There is a lack of diversity in the animation industry, showing Black animators only account for less than 4% of the industry.
Despite the critical success of films like “Soul” and series like “The Proud Family,” the animation and cartoon industry is lacking in diversity.
Less than 4% of animators are Black, and for syndicated cartoonists the numbers are even more dismal.
Robb Armstrong is the creator of “Jump Start” — a daily comic strip about the life of a young Black couple in Philadelphia juggling work and family.
“I broke into the industry that had very few black people in it. 1989, when I signed my deal, I was one of only four African- Americans,” Armstrong said.
“Jump Start” became the first nationally syndicated comic strip from a Black cartoonist to run for over 30 years. And now, Armstrong wants to open the doors for more young artists by helping with an organization inspired by his former mentor, Charles Schultz, the creator of “Peanuts.”
“I met Charles Schultz in 1990, and he took an immediate interest in my work and gave me some really, really, useful encouragement. Four years later, in 1994, he asked me if he could rename the character Franklin and assign him my last name,” Armstrong said.
Franklin was first introduced to “Peanuts” in 1968 by Schultz after the assassination of Civil Rights Activist Dr. Martin Luther King Jr.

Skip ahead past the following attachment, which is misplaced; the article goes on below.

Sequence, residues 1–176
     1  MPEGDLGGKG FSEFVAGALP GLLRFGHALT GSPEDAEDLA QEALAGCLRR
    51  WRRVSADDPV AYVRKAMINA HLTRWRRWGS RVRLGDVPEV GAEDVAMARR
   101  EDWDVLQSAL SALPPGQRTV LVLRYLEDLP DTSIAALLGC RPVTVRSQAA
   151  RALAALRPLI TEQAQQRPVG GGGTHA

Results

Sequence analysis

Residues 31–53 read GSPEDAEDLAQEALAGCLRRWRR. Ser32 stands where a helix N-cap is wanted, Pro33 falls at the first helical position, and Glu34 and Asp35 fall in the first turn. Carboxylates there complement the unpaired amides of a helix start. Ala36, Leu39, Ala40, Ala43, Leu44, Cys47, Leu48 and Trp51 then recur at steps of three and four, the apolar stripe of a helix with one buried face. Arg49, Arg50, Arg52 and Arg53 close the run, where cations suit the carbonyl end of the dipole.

In the nineties, Schultz gave Franklin the last name of “Armstrong” and today, it’s also the name given to the Armstrong Project, a scholarship and mentorship program which gives $200,000 in endowments to support two students from historically Black colleges and universities looking to work in animation.
“I want to be part of an effort like the Armstrong Project that changes those numbers, not for the sake of changing numbers, but for the sake of expanding perspectives of things — opening up the world for everyone.” Armstrong said.
Armstrong says comics speak universal truths, forming connections between different people through relatable stories.
The barriers to entry in the industry, and the lack of diversity, means that some stories aren’t being shared enough.
“The more we share, the more artistry we contribute to the conversation — the human conversation — the less room there is for misunderstanding to exist, for hatred to persist.” he said.
Armstrong is mentoring this year’s recipients: Hailey Cartwright of Howard University and Promise Robinson of Hampton University, just as Schultz mentored him.